After scratching a bit, lo and behold, the wonderful trapdoor spider darted out looking for food and dashed straight back….this is a prehistoric spider which has not evolved for millions of years….just amazing how well the trapdoor is constructed and hinged…

it wouldn't come out again though when we opened the trapdoor

it wouldn’t come out again though when we opened the trapdoor

there was another trapdoor, but the spider wasn't in...

there was another trapdoor, but the spider wasn’t in…

The trapdoor spider was just an amazing creature and we all realised how privileged we were to have witnessed it in the wild, thanks to Stephen and his local knowledge. Sadly, poachers collect this uncommon spider and the tarantulae and sell them in the USA to collectors and there is a constant struggle to protect them.

By this time young Adam was feeling a tad sleepy and so we headed back...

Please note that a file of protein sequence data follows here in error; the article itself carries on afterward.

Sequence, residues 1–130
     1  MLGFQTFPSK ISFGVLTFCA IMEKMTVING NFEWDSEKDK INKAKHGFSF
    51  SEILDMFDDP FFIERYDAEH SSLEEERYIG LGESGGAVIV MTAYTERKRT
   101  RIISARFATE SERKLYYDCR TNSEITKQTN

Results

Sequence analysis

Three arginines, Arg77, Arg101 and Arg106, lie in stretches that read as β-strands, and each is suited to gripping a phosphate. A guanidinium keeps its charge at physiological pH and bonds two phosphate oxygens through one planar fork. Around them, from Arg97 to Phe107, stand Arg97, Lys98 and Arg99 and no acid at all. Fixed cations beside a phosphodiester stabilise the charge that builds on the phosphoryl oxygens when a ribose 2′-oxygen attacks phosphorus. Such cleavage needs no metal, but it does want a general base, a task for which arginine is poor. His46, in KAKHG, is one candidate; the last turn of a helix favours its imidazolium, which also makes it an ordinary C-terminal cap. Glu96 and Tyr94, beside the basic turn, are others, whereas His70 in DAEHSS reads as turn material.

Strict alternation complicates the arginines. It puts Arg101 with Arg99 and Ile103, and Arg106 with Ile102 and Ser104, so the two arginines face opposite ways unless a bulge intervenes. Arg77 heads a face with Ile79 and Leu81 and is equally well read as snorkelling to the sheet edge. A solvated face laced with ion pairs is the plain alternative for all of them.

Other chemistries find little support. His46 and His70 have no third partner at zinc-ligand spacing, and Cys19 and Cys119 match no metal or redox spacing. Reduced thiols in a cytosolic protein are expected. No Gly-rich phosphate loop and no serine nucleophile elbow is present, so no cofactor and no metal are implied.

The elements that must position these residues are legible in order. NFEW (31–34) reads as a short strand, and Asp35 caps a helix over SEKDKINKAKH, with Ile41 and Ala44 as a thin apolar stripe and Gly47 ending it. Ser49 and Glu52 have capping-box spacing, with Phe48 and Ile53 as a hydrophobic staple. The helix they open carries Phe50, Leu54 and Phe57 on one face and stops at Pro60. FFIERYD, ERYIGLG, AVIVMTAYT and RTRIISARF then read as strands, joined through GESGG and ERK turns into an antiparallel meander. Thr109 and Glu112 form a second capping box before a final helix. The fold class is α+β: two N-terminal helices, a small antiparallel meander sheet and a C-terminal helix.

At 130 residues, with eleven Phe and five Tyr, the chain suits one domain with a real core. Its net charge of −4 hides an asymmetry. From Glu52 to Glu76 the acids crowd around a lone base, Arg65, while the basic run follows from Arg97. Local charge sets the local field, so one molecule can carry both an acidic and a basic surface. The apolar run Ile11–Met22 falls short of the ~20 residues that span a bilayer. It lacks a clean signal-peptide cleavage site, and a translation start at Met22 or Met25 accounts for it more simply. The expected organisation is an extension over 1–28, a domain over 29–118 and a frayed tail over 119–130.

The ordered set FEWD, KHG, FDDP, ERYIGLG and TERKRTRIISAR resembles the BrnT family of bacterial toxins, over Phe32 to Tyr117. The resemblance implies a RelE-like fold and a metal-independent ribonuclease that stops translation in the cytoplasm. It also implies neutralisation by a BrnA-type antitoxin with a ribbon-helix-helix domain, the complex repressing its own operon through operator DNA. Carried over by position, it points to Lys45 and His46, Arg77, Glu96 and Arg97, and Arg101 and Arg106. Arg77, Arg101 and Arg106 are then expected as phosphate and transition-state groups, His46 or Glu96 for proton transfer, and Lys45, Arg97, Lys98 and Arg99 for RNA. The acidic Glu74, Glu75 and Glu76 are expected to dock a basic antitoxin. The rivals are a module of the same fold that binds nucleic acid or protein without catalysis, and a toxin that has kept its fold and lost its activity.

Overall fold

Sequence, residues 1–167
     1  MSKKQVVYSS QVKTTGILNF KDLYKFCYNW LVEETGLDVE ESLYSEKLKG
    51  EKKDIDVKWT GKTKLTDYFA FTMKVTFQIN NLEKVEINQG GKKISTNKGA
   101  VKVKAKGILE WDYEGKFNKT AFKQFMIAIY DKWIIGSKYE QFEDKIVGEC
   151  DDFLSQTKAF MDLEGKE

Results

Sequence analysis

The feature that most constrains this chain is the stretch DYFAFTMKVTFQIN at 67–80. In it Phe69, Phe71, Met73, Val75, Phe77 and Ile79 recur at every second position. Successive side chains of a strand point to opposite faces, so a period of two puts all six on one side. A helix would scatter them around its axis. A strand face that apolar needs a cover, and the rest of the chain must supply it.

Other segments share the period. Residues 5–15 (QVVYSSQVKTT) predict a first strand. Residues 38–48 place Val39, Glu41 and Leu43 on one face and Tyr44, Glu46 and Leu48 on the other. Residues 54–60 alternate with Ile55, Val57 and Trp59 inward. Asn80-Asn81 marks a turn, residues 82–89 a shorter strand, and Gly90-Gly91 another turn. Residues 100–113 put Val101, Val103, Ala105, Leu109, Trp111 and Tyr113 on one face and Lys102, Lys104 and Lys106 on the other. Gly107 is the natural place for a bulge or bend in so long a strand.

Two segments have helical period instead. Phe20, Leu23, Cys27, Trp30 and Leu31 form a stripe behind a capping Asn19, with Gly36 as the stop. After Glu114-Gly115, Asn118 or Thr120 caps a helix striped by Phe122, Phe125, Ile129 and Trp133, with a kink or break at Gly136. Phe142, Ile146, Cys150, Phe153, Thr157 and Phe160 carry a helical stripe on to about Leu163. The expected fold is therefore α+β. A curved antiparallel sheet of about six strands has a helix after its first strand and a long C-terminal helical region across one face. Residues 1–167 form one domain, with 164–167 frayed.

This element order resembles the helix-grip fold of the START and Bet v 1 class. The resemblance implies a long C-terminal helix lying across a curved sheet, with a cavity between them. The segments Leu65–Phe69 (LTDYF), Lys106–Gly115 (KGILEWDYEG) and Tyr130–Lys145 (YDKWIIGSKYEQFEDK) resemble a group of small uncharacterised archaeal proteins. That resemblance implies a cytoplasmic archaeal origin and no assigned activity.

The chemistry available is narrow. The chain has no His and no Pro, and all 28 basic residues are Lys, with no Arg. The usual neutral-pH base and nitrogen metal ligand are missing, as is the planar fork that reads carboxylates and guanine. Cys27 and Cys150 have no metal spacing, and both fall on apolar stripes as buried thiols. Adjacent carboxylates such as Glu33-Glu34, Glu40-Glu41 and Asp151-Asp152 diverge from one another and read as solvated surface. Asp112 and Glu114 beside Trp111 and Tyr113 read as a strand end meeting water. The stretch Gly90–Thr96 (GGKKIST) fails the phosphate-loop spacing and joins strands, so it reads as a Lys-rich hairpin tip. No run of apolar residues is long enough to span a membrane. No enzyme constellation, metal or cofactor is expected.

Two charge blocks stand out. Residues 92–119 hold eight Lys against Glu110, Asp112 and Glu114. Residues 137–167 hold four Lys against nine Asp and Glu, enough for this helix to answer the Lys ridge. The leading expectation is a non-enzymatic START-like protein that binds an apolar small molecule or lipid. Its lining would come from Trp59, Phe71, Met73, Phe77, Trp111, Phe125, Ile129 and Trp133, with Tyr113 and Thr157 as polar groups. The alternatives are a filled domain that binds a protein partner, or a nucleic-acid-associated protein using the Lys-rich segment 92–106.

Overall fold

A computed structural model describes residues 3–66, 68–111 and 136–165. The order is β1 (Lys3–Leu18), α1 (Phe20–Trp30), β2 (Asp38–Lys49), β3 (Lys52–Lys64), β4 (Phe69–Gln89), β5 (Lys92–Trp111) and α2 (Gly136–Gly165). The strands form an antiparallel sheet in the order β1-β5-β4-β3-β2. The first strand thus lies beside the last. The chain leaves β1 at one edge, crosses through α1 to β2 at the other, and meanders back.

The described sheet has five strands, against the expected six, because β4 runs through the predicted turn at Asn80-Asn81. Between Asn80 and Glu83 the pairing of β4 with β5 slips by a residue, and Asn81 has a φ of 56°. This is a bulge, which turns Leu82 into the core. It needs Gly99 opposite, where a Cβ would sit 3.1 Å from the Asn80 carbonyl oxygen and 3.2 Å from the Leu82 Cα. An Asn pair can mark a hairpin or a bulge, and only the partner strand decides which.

By this time young Adam was feeling a tad sleepy and so we headed back…

We had time for one more encounter...with the 6 inch caterpillar of the magnificent Atlas moth...

We had time for one more encounter…with the 6 inch caterpillar of the magnificent Atlas moth…

This night walk was truly the highlight of this trip and indeed of the many night time rambles I have done, usually looking for snakes..but this was special….very special….to see what we saw in 2 short hours.  We would never have found most of these creatures had we done it on our own….Grateful thanks to Stephen and Adam!

Must do activity!